The trend toward immigrant settlement in these three urban centres has
been growing over time. Of all immigrants who arrived during the 1980s,
66% lived in Toronto, Vancouver or Montréal in 1991. This compares
with 58% of immigrants who arrived in the 1970s and who were residing
in these three areas in 1981.
Overall, immigrants who arrived between 1991 and 2001 made up 17% of Toronto’s total population in 2001. This was an increase from 1991 when 12% of the population were immigrants arriving during the previous decade.
The census metropolitan area of Vancouver took in the second largest share of the newcomers of the 1990s to Canada. In 2001, Vancouver had 324,800, or 18% of all immigrants who arrived during the 1990s. These newcomers represented 17% of Vancouver’s total population, an increase from 9% a decade ago.
The census metropolitan area of Montréal was home to 215,100, or almost 12% of immigrants who arrived during the 1990s. This was a slight decrease from 14% of those who arrived in the 1980s. Immigrants of the 1990s accounted for about 6% of Montréal’s population in 2001.
In sum, there is a difference between the level of immigration attracted by these three cities: whereas Toronto and Vancouver attract a disproportionate number of newcomers, Montréal’s share of immigration is in line with its population share within Canada.
Of the 1990s immigrants who settled in the other census metropolitan areas in 2001 (21%), close to 4% were living in each of Ottawa–Hull (now Ottawa–Gatineau) and Calgary in 2001. Another 2.5% resided in Edmonton, and nearly 2% resided in Hamilton.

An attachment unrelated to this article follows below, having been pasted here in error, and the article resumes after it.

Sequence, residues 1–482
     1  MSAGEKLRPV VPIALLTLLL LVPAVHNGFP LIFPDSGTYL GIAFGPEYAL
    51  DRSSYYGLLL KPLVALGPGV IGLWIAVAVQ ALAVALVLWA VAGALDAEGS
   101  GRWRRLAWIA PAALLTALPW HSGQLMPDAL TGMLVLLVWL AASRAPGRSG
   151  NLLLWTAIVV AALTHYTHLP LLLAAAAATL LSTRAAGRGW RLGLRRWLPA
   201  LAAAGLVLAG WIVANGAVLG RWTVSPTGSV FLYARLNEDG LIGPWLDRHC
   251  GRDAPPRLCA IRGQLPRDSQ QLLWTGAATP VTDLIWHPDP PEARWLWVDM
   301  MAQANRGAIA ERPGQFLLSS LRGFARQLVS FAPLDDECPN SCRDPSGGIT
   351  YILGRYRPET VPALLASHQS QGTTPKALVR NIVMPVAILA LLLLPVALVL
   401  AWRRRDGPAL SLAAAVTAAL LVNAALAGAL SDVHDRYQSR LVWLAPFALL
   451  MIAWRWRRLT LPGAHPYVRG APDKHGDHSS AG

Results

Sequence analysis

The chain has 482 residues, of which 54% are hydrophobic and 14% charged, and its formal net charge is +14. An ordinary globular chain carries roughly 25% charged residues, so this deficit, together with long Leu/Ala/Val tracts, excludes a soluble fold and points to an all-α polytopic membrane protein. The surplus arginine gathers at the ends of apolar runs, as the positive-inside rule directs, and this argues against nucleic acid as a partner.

Only 6% of the new immigrants settled in areas outside the census metropolitan areas.
The majority of the immigrants who arrived in Canada during the 1990s were in the working ages of 25 to 64 years. They tended to fall into younger working age brackets than the total population because most people migrate when they are young.
In 2001, 46% of the immigrants who arrived in the 1990s were aged 25 to 44, compared with 31% of the total population. Older working-age immigrants, those between 45 and 64, made up 17% of those who came in the 1990s, compared with 24% of the total population.
Together, those who arrived between 1991 and 2001 added more than 1.1 million to Canada’s working-age population aged 25 to 64, accounting for 66% of its growth. They made up 7% of the population aged 25 to 64.
As in the case of all immigrants who arrived in the 1990s, those of working age settled in the three largest metropolitan areas.
The impact was heaviest on Toronto, Vancouver and Montréal where 848,300, or almost three-quarters (74%) of the new immigrants aged 25 to 64 were living in 2001. This proportion was up from the 67% of those immigrants who arrived during the 1980s.
Immigrants of the 1990s made up one-fifth of the working-age population in each of Toronto and Vancouver. In Montréal, these newest residents represented about 7% of the working-age population, on par with the national average.